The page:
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Children need to be taught how to wash hands, says NICE

Children and young people need to be taught to wash their hands properly in a bid to cut down the risk of infection, according to new guidance from the National Institute for Health and Care Excellence (NICE).
Handwashing-iStock.jpg

Children and young people need to be taught to wash their hands properly in a bid to cut down the risk of infection, according to new guidance from the National Institute for Health and Care Excellence (NICE).

NICE said it believed telling people how to look after themselves which includes good hand hygiene reduces the risk of spreading infection and cuts down patient demand for antibiotics.

It says children and young people need to be told when and how to wash and dry their hands, while settings such as care homes must also adopt strict hand-washing policies.

According to one study cited by NICE, good hygiene helps reduce the transmission of gastrointestinal infection to other family

Children and young people need to be taught to wash their hands properly in a bid to cut down the risk of infection, according to new guidance from the National Institute for Health and Care Excellence (NICE).


Young children should be told how to wash and dry hands, NICE says. Picture: iStock

NICE said it believed telling people how to look after themselves – which includes good hand hygiene – reduces the risk of spreading infection and cuts down patient demand for antibiotics.

It says children and young people need to be told when and how to wash and dry their hands, while settings such as care homes must also adopt strict hand-washing policies.

According to one study cited by NICE, good hygiene helps reduce the transmission of gastrointestinal infection to other family members.

The guidance also calls for young people going to university to be taught how to look after themselves if they have a self-limiting illness, such as a cold or flu.

Campus posters 

Students should be given guidance on recognising illnesses that will get better on their own, as well as being signposted to pharmacies, NHS 111 and the NHS Choices website.

‘The committee discussed the importance of people knowing the natural course of an illness – with and without using antimicrobials – and that there is often very little difference in recovery times,’ the guidance states.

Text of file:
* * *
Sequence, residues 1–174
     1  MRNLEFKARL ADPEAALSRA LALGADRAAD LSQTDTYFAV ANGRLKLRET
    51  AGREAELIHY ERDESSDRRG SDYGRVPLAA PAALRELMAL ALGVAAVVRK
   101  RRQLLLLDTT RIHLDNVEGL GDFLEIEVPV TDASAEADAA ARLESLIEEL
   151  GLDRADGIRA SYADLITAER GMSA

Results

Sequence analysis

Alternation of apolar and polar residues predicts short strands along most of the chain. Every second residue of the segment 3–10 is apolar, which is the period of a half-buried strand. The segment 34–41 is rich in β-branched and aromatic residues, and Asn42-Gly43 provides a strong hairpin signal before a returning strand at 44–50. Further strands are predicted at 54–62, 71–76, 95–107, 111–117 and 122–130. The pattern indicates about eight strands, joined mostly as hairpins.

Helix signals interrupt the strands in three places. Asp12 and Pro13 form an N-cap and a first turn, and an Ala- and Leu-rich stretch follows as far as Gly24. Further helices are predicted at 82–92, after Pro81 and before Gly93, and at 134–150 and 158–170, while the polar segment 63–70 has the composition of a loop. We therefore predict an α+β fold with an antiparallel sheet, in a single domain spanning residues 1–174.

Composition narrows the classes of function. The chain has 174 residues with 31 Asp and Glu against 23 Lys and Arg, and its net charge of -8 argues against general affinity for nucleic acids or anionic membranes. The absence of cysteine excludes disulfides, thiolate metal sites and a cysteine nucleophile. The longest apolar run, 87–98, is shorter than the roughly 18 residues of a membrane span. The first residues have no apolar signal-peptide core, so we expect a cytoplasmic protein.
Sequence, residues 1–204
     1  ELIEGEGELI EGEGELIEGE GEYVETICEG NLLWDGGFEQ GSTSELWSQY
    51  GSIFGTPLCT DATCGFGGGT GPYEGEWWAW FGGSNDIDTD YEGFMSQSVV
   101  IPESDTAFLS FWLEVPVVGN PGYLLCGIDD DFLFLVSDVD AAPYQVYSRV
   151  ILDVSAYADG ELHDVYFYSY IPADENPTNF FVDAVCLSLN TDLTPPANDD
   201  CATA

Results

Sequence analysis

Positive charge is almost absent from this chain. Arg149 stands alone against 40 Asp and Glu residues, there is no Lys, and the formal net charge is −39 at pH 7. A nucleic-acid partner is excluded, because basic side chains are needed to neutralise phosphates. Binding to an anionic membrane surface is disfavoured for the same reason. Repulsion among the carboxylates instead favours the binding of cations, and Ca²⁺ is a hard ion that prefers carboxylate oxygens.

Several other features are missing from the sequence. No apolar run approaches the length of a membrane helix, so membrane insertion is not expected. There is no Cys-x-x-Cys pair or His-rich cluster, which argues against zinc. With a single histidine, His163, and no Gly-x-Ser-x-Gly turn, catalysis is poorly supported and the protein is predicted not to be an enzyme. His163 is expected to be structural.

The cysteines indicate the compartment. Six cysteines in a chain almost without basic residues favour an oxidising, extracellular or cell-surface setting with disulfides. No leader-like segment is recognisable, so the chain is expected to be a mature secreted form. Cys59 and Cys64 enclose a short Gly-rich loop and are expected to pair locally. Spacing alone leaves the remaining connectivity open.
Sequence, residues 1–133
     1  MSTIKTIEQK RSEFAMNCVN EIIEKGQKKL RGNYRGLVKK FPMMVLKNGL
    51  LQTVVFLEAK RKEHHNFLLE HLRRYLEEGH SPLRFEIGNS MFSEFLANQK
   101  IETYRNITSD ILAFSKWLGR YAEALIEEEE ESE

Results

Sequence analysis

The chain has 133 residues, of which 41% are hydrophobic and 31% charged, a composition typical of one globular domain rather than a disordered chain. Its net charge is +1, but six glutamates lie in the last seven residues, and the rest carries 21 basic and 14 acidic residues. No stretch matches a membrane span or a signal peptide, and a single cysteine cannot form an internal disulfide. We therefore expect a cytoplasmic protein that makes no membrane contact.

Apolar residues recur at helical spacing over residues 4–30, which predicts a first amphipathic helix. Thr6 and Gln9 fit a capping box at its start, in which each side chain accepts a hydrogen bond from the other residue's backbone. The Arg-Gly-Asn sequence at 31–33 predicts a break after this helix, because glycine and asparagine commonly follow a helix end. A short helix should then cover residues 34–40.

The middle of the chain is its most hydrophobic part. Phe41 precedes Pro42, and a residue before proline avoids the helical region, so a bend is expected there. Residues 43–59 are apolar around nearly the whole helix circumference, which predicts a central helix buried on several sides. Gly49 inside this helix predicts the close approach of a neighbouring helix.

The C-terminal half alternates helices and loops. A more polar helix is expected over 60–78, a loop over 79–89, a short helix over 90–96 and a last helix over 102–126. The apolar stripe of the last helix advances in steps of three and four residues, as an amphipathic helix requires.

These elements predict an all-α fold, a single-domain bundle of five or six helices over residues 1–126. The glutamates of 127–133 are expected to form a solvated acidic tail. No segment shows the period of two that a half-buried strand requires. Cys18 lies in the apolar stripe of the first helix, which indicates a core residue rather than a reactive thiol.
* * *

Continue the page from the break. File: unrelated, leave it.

On handwashing, it says posters should be put up around campus showing how to wash hands properly.

Similarly, in nurseries and schools, young children should be told how to wash and dry hands after using the toilet, before eating meals or snacks, and after being in close contact with people with colds or other infections.

People should use liquid soap and tepid running water to wash their hands after using a bin.

Educational resources 

Other measures to cut the risk of falling ill include ensuring food and leftovers are stored in the fridge, cooked at the right temperature and properly heated through.

Healthcare professionals should use evidence-based teaching tools to help children and young people understand how infections spread and how antimicrobial resistance develops.

They should signpost relevant educational resources such as Public Health England’s e-Bug project or the University of Southampton’s Germ Defence.

The e-Bug project provides information and games for teachers and youngsters to learn about the spread of microbes, when and how to wash their hands.

Worrying statistics 

England’s chief medical officer Dame Sally Davies said: ‘We need to address the growing problem of drug-resistant infections as the global medicine cabinet is becoming increasingly bare.

’Preventing infections in the first place is key and so is education on how to use antibiotics appropriately.

‘This guidance provides important information on how we can keep these important medicines working.’

NICE said by 2050, 10 million people could die a year from ordinary infections or from routine operations, if antimicrobial resistance continues to increase.


Further information

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